Yeah, yeah, it can look different. And I think that people kind of grab on to things that they heard about what it means to be a great leader and kind of like fixate on these elements that actually are not really the important parts. Like, I think that, you know, one of the things that I get sometimes is like, how do I address that, like this thing happened? And I know that I need to have a conversation about it. But if I say it this way, am I revealing too much? Or am I communicating that in a way that kind of gives this impression, and I’m like, you just need to have a conversation with the person where you’re clear about the behavior that you want to see, you’re clear about what happened. And you were in a real conversation with that person to understand what actually happened. And together to come up with a solution, you don’t actually need to position yourself as the authority all the time when you’re leading somebody. Right. But I think that people get very worried that and, you know, there’s this messaging out there that says, like, you’re not taking control of XYZ, you’re not stepping into that, right. And I think that people have gotten a little bit worried that they’re not like being assertive enough in their leadership, right, and a lot of like, masculine energy around us, it’s like authoritative, like, top down approach to things where we have to keep a certain amount of distance, and have a note, not not no transparency, but like limited transparency in order to hold authority. And I think that there is a time to like, there is always a threat of oversharing. Yeah. And boundaries are important. Like you should have boundaries around what you share, and why you’re sharing a thing, of course, but I think that for most people, what I find is holding them up. And it’s a very similar thing to what happens in the beginning of starting their business, when they’re starting to figure out how to get this thing off the ground. And in a way that’s actually sustainable for them is they know what they were told to do. They can identify all of the ways that that feels gross and wrong, and not for them. And they’re worried that if they trusted themselves enough to move forward differently, it might mean that things are going to unravel. And it very quickly goes from I’m going to do this one thing to then it’s going to like totally snowball. And what I always am helping people see is like, actually, this is much more of a tip toeing into, like, it’s one thing at a time, you’re gonna have one conversation, if it doesn’t go, Well, you get to handle that. It’s, it’s, you’re not going to go from zero to 100. Right? A huge part of leadership actually, like I think possibly the most important thing is maintaining your own confidence that no matter what happens, you’re going to be able to handle it. Because if you are freaked out all the time that any one little thing that happens is going to send you the entire business into a tailspin. what starts to happen is people don’t want to come to you and tell you when things aren’t going well. People don’t want to come to you and say, Hey, I think that we can improve this. Because they know that you’re not going to be able to hold that you’re going to you know they can feel that from you. Also, you’re not going to be able to have direct conversations with people because you’re always going to be worried. What if this one thing happens in this conversation? And then from there, Bubba and I’m not going to be able to handle it instead of listen. Everything like you’re gonna make mistakes, you’re gonna mess up. When you start to step back and allow people to take on more they’re going to make mistakes. They’re gonna mess up. Good leadership does not look like avoiding all of the mistakes going wrong, good leadership looks like you handling it when it happens and correcting, like course correcting when you can, and figuring it out in a way that is like confident and moves people toward that vision and also creates a good place to work for your people. Yeah. And I mean, like you have a podcast called transcend your dichotomy where like, we’re trying to figure out where we are on a looser spectrum than just all or nothing. Right? So I think people will often Qatar catastrophize, what’s happening in their lives of like, what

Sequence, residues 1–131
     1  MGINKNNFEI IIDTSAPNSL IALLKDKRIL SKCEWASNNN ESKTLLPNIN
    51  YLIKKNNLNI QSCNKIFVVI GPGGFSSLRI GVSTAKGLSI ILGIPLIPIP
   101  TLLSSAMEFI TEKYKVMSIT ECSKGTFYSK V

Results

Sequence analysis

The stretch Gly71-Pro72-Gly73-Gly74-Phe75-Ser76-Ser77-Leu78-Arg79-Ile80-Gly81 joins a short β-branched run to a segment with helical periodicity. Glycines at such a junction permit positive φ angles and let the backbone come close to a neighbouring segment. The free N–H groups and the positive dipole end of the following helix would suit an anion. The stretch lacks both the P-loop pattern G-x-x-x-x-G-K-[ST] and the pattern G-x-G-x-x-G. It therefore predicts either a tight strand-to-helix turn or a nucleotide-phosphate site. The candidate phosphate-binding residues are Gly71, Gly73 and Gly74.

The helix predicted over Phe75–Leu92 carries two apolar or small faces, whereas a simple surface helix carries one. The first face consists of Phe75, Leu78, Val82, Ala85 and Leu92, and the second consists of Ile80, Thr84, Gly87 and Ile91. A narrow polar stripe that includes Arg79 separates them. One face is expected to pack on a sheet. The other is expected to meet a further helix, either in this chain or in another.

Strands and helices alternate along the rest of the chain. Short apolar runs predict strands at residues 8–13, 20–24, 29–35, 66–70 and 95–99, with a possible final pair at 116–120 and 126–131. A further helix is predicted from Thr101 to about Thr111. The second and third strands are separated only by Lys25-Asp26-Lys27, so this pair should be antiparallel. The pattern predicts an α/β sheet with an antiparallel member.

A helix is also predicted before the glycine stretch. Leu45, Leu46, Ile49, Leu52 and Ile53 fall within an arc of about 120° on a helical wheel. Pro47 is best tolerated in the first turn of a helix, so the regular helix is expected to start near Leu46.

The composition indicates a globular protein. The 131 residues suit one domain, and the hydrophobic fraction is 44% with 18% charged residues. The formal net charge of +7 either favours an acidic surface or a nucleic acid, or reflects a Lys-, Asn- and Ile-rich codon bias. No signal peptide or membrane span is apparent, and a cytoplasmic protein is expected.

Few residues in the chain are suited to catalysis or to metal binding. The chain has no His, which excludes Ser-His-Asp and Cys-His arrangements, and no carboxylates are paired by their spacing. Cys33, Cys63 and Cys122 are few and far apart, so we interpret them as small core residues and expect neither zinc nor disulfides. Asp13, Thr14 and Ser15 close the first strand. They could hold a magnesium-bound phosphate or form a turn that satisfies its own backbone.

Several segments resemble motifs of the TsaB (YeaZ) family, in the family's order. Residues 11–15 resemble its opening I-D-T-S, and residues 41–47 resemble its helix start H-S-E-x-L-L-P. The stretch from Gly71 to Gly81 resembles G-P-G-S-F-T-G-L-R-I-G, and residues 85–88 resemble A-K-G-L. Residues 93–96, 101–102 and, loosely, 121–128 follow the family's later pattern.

Meg Casebolt 15:37